Institutional Distrust, James Dolan and Learning to Love the 2012-13 Knicks

Brian DiMenna

I’m going to piggy-back off an earlier post from Tommy because he asks a very good question:

This Knicks team is very good and is proving it nightly. Then why is it that people are waiting for the bubble to burst? Why aren’t people over Jeremy Lin yet? Why do I feel as if some Knicks fans, the die hards that I’ve been in the trenches with online here for almost a decade, aren’t as excited about the Knicks start as others?

I bring this up because I think he’s right, and yet I think I also understand the other side.

Over the last thirty-five or so years in American life, I think we’ve seen an erosion of public trust in our institutions. Beginning with the Vietnam War and Watergate — “Wait, are you serious, this is a Knicks blog post, right?” Yes, just go with it — and lasting all the way to the financial crisis of the late aughts, Americans have come to distrust the country’s largest institutions. With the exception of the military, public opinion of elites, from Congress to the Supreme Court to major financial institutions, has fallen, and it’s had a deleterious effect on our ability to solve problems.

“Ok, dude, so what the hell are you getting at?”

Well, I think a similar phenomenon helps explain the general lack of enthusiasm for the current Knicks. “You’re joking?” No, here goes.

As most of us are well aware, the Knicks are overseen by a controversial figure in James Dolan. Dolan’s handling of the team has been nothing short of a disaster, and yet he reigns as the unaccountable leader of the organization we all hold so dear. It’s a bit like being a subject of the North Korean government. Information is scarce, and what dribbles out seems divorced from the reality. Yes, I’m saying rooting for the Knicks in this period has been something like living in North Korea, except maybe not quite as bad. They do let us watch the games, which is nice.

The nadir of his tenure was probably reached when he actually tried to re-hire then FIU head coach Isiah Thomas back as a consultant. Could there have been an owner more insistent on spitting in the eye of his fan base than Dolan trying to bring back Isiah? Aside from all the losing — and let us not forget, there was plenty of it — Thomas’s run ended with an expensive and hugely embarrassing sexual harassment suit. But Dolan’s reaction was, “So when can I get him back in the mix?”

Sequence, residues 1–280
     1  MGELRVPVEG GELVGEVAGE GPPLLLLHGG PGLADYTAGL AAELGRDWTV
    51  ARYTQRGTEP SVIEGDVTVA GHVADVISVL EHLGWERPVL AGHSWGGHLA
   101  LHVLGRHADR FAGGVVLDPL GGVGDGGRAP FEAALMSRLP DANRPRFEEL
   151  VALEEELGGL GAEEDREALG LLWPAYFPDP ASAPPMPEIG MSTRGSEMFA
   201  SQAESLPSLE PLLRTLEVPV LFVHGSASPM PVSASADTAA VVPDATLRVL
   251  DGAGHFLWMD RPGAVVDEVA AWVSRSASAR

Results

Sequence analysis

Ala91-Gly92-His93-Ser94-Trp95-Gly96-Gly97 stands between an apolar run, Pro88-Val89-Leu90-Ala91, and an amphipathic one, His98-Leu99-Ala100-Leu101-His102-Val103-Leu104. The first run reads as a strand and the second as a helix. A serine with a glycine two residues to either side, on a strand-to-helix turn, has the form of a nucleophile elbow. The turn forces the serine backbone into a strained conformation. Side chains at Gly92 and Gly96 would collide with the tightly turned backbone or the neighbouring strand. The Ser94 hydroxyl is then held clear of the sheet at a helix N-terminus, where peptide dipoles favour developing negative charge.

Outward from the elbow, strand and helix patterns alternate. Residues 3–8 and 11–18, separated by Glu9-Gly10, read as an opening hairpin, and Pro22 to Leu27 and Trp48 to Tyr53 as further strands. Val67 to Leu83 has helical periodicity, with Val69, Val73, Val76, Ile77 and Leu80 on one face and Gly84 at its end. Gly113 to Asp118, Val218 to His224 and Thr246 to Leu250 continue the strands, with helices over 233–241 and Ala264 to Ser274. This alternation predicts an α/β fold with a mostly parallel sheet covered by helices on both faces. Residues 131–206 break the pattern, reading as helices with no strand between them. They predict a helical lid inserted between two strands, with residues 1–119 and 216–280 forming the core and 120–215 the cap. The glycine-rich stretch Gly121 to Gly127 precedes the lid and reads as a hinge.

Dolan’s stewardship has led to just a general distrust in everything the Knicks do. This distrust affected the way the Carmelo Anthony trade was perceived. If we’re thinking rationally about it, the idea the Knicks gave up too much is kind of laughable, particularly the last minute worry that the team really shouldn’t part with Timofey Mozgov.

But if you’ll recall the period, you’ll remember that there were numerous reports toward the tail end of the negotiations that Dolan had gotten heavily involved. Seemingly out of nowhere, Dolan was meeting privately with Denver owner Stan Kroenke. I don’t think there were really a lot of Mozgov-jersey clad fans screaming, “NO! NOT TIMMY!!!” But just a sense that, “Oh no, Dolan’s blowing this!” whether that perception was really fair or not, it felt uncomfortable seeing things taken out of the hands of our wise old overseer Donnie Walsh.

The same can be said with the team’s decision to ultimately part ways with Jeremy Lin. At the end of the day, it’s a pretty defensible decision. It WAS a lot of money, to a mostly unproven player, with little guarantee that it would work out, but the way it went down led to massive skepticism because what had sounded like a certainty all offseason, out of nowhere didn’t happen, with rumors swirling that Dolan had become personally offended by Lin’s negotiating posture. It was hard not to picture an enraged Dolan throwing down his saxophone in a fit and vowing revenge over the point guard’s perceived audacity, “NO ONE does this to JD and the Straight Shot! NO ONE!” It did not inspire confidence.

With Lin gone, the Knicks instead pursued veteran free-agents all well past their primes. Were these on the merits good moves? Yes. There’s little doubt the Knicks were immediately improved, but it was hard not to be skeptical. Many couldn’t help feeling that Dolan had ruined Linsanity, added nothing but 40-year olds and set the team up for another disaster.

This Grantland piece by Ben Detrick makes a great case that the Knicks’ moves were the result of strong analytical reasoning and advanced metrics, but the assumption was of an impetuous Dolan calling all the shots.

So I understand those who have been bracing themselves, expecting that somehow this still isn’t going to work out, and this season will simply be another in a decade long streak of humiliating failure. But Tommy Dee is still right. Assuming that any actions taken by the Knicks are automatically flawed because James Dolan owns the team is self defeating.

For once, it looks like the Knicks are doing things right. That is a thing that is possible.

I know you’ve been hurt. Like a wary “Bachelor” contestant, your walls are up. But I’m here to tell you it’s time to open up. It’s time to let them in. It’s time to throw caution into the wind, get in that hot tub and learn to love again.

Could it all blow up in your face, leaving you to do things like try and explain to yourself how it was you ever really rooted for Eddy Curry (Remember that Eddy should make the All-Star team year? That was funny)? Sure, but it still beats waiting around for the roof to cave in. Who knows, maybe this is the year it finally doesn’t.

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